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The slick, full-color brochure, according to Amherst Supervisor Daniel J. Ward, is "self-serving propaganda . . . an independent and rogue effort" to ram the Amherst Industrial Development Agency's industrial-growth policies down a disapproving public's throat.

Agency officials contend that the brochure presents an objective picture of the agency as well as what economic development means to the town.

The six-page brochure -- "A Special Report" from the Amherst agency -- was mailed recently to about 27,000 homes in the town. It cost the agency, which receives no money from the town, about $20,000 of its own revenue.

"Amherst citizens have a role to play in the future of this community," reads a headline-sized message across the brochure's three inside pages.

The text and graphics draw heavily on a 1989 survey by Goldhaber Research Associates, which revealed, in short, that the Amherst agency suffers from an identity problem.

The survey of 800 people showed that most residents generally support the need for a growing tax base, diversified by residential, commercial and industrial development.

On the other hand, 38 percent said they'd never heard of the Amherst agency, 19 percent didn't know enough about it to form an opinion and 14 percent had an "unfavorable" impression of the organization.

With its industrial parks full and a hunt under way for more land, the Amherst agency felt the brochure fulfilled "our obligation to inform the public about who we are, what we do and why we think industrial development is important to the town," said Ann M. Michotek, associate director for marketing.

The brochure drew an angry response from Ward, a Democrat who was elected supervisor last fall on what Republicans charged was an "anti-development" platform. Ward said he was championing "controlled growth."

"While portions of the report are informative and educational, other parts border on self-serving propaganda," Ward wrote in a letter to James J. Allen, executive director of the agency.

Ward charged that the brochure "arrogantly" suggests that the agency intends to forge ahead with industrial-development policies, whether the public and its elected representatives agree with them or not.

"Rather than simply ask you to trust us as we shape the future of the community, we would like you to get to know us, and in doing so, hopefully build a partnership," Allen says in one part of the brochure.

In his letter, Ward reminded Allen that the agency is "a tool of the local government (that) should always remain responsive . . . to the policies set by local government."

In addition to a development slowdown caused by the economy and new wetlands restrictions, "We have also had some change in town (growth) policies, and I view my election in general as a mandate by the people . . . to do so," Ward wrote.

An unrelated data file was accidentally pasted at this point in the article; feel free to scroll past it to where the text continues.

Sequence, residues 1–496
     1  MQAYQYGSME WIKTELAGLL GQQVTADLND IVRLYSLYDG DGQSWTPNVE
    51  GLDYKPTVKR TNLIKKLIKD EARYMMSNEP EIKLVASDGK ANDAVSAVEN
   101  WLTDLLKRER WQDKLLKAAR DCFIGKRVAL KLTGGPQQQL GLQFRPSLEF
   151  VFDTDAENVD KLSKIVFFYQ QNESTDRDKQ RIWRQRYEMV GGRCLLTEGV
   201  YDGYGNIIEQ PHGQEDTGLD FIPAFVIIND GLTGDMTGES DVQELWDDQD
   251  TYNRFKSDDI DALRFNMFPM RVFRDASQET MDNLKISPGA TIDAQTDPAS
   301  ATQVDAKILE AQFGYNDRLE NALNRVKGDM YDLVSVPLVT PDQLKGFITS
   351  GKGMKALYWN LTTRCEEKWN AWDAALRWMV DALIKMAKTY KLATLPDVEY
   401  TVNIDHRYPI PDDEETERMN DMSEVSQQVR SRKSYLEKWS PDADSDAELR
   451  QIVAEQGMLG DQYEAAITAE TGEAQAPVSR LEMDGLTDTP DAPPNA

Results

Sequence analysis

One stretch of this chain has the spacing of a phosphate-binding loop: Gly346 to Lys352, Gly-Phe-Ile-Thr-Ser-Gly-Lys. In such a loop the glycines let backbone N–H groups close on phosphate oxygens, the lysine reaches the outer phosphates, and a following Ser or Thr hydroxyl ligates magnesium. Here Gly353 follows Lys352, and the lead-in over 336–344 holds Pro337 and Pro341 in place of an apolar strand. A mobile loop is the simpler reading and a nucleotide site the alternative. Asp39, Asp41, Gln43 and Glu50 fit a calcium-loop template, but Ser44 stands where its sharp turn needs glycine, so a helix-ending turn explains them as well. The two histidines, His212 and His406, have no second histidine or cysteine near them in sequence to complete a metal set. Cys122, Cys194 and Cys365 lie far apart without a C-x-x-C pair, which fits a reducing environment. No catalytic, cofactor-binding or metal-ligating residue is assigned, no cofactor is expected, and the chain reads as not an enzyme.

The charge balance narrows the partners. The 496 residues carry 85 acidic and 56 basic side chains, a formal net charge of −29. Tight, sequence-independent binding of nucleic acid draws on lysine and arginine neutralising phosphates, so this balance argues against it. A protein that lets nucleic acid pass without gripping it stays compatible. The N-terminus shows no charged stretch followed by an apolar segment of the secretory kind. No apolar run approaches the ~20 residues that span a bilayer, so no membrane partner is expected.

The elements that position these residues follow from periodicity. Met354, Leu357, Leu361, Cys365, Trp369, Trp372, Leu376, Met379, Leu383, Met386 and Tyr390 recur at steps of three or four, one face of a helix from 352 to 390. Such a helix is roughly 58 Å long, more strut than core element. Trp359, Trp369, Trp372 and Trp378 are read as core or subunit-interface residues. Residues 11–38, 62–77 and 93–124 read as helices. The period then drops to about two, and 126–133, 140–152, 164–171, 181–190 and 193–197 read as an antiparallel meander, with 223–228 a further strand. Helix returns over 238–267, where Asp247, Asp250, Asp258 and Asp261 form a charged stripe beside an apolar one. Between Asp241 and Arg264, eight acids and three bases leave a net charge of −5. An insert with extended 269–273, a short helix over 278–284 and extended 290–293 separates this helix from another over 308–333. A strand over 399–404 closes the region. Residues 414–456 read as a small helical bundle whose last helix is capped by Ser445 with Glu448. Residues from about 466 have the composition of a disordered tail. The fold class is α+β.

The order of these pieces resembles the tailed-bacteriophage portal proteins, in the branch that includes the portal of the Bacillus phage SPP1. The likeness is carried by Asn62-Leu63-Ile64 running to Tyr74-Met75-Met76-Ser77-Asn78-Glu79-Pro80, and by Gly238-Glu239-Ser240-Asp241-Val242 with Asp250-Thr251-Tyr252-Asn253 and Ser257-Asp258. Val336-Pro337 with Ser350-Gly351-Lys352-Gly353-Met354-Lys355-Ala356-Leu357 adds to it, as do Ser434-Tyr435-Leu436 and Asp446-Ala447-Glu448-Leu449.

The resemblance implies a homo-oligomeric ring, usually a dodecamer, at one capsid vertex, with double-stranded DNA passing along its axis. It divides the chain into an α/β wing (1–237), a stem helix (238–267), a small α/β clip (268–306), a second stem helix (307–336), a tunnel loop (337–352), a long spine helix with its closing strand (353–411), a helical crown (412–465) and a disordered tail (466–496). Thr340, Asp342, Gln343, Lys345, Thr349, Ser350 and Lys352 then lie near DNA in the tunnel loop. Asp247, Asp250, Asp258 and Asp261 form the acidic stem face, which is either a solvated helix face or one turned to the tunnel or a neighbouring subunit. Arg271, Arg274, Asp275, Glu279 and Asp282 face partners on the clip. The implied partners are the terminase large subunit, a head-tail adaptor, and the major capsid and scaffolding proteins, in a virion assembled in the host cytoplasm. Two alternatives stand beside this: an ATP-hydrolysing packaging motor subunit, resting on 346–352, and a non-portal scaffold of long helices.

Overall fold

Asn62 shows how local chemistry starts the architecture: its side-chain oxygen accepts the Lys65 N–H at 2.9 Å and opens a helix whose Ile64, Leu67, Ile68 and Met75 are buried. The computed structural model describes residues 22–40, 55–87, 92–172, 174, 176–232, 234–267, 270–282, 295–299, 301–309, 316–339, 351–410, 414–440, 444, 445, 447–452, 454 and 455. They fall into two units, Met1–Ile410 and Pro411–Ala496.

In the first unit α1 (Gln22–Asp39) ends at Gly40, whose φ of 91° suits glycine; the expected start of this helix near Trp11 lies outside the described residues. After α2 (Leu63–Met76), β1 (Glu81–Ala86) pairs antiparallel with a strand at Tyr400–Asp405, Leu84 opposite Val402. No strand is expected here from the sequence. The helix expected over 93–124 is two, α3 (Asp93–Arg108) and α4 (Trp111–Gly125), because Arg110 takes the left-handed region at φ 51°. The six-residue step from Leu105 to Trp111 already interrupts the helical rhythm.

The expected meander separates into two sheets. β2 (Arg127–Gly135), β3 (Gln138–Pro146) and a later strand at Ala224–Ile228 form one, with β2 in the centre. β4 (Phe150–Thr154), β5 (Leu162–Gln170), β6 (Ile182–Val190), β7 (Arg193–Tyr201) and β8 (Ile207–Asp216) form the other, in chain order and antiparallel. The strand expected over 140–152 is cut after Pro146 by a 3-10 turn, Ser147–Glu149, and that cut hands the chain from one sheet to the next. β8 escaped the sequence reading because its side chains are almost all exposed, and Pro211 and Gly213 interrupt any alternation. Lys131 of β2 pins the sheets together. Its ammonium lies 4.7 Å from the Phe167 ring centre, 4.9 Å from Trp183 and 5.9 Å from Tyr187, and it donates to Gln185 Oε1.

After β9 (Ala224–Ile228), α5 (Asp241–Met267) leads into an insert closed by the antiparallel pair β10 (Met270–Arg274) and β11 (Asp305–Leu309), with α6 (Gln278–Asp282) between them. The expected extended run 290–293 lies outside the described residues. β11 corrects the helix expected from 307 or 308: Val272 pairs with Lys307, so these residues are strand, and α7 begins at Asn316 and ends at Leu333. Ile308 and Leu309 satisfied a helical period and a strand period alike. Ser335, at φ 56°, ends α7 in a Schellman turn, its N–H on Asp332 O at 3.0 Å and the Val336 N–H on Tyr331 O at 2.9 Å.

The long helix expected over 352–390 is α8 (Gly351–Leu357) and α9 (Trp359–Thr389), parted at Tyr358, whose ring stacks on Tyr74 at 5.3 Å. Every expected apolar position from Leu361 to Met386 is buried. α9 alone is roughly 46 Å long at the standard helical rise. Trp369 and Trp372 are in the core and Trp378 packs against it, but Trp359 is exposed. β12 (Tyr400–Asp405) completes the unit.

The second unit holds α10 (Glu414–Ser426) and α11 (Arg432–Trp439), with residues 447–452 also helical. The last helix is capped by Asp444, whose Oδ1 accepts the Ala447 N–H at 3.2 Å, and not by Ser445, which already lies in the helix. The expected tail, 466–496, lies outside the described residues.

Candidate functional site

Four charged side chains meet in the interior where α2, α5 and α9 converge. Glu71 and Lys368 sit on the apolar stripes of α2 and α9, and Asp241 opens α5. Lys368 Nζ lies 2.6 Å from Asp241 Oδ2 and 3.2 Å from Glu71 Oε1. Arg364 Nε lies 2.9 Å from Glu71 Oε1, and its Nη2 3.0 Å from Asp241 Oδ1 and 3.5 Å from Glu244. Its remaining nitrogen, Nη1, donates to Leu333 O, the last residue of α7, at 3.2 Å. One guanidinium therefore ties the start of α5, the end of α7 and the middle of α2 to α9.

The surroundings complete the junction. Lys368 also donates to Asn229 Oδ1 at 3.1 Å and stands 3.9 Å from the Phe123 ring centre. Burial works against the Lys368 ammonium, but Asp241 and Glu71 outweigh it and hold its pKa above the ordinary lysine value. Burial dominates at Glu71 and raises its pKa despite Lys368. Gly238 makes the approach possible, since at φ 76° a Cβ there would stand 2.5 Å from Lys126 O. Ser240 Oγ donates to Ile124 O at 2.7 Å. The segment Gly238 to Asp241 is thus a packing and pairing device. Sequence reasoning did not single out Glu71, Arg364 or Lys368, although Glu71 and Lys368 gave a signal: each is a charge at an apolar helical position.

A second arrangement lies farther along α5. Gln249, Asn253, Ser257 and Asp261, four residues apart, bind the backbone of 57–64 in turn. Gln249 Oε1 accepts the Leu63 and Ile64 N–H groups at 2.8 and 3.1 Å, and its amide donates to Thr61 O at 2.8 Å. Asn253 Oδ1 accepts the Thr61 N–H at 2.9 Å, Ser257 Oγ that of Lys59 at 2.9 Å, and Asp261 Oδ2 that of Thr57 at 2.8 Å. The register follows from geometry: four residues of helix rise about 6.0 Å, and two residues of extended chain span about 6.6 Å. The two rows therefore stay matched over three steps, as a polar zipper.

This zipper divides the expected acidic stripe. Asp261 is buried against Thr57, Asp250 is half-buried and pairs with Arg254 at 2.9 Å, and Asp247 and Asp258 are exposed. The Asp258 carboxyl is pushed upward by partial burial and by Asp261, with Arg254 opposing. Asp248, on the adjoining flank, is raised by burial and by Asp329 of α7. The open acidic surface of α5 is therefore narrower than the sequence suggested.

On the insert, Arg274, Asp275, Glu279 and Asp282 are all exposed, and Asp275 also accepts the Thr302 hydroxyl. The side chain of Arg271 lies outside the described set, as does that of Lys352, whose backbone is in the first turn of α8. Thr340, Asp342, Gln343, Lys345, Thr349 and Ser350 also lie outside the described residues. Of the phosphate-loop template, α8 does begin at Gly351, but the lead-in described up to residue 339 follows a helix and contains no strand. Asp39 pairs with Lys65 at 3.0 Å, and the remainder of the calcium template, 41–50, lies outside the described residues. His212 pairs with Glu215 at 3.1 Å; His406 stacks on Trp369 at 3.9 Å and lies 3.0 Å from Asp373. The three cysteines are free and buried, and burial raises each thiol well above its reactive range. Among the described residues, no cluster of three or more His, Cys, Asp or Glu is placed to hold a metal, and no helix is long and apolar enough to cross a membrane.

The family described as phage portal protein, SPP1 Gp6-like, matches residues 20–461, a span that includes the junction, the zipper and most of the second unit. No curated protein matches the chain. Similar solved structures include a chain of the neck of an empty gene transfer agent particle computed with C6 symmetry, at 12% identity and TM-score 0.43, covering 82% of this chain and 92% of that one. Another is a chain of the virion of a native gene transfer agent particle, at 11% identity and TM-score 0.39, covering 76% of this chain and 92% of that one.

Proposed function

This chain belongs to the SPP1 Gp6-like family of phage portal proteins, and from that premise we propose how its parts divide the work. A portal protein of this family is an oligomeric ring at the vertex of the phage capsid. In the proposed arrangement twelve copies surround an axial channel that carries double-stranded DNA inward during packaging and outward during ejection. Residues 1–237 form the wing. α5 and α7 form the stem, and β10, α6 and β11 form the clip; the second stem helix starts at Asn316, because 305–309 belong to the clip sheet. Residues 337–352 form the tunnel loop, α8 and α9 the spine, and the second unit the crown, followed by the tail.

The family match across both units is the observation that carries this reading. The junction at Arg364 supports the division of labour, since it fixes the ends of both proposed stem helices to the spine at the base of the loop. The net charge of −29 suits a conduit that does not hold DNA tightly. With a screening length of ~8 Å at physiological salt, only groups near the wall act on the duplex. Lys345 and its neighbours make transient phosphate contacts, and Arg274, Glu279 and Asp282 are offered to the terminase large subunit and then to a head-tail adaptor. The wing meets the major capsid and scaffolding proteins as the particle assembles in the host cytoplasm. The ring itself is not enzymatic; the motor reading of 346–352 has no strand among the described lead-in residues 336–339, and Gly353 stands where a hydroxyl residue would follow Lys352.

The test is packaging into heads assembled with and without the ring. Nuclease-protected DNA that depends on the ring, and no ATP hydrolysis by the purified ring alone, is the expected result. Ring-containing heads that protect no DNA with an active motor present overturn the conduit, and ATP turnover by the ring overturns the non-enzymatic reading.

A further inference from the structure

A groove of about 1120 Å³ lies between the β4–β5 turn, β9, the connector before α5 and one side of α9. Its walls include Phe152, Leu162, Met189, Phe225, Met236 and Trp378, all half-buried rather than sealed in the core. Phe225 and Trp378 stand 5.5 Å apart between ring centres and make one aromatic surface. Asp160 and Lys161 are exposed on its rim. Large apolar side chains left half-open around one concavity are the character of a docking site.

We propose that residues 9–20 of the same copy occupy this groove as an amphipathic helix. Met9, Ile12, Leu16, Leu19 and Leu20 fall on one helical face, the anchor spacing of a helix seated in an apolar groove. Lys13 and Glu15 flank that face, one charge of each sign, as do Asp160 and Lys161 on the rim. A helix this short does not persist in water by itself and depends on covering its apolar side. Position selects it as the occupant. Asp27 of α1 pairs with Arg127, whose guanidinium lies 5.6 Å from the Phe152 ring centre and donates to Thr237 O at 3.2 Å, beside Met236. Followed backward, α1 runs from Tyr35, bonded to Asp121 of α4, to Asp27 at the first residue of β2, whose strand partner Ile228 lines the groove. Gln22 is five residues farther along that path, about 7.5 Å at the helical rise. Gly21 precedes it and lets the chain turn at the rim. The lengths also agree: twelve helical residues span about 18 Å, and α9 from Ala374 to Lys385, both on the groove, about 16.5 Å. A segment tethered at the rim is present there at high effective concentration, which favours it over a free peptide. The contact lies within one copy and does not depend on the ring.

"I think the agency itself realizes what shaky ground it is on when it has to resort to a self-promotional publication of this nature," Ward added.

"I personally see it as an attempt by the staff to save their hides," Ward said. "With no land to develop and all kinds of wetlands problems, without any function, I think they feel their jobs are in jeopardy."

Ms. Michotek and Allen defended the brochure as an accurate and objective presentation of "facts" about the benefits of economic growth in the town and how the majority of the public feels about it.

Allen said he was "a little surprised" by Ward's attack on the brochure for another reason -- Ward's accusations over the past several months that the agency is too low-profile, that it isn't accessible enough to the public.

"He's been saying we don't communicate with the public. So we do what he asks, and now it's like he's saying, 'But that's not what I wanted you to communicate,' " Allen said.

"In effect, the agency, in the brochure, is telling (Ward), 'Yes, you're right; we aren't well enough known by the public and we need to inform them what we do, how we do it, what the results have been and what we'd like them to be,' " Allen said.

Allen described the brochure as the agency's "first step" toward developing a higher public profile.

In addition, Allen said the agency board of directors plans to begin holding quarterly evening meetings in Town Hall. Ward has criticized the board for discouraging public scrutiny of its actions by meeting at 8 a.m. Fridays in Audubon Parkway agency offices that can seat only about 10 spectators.

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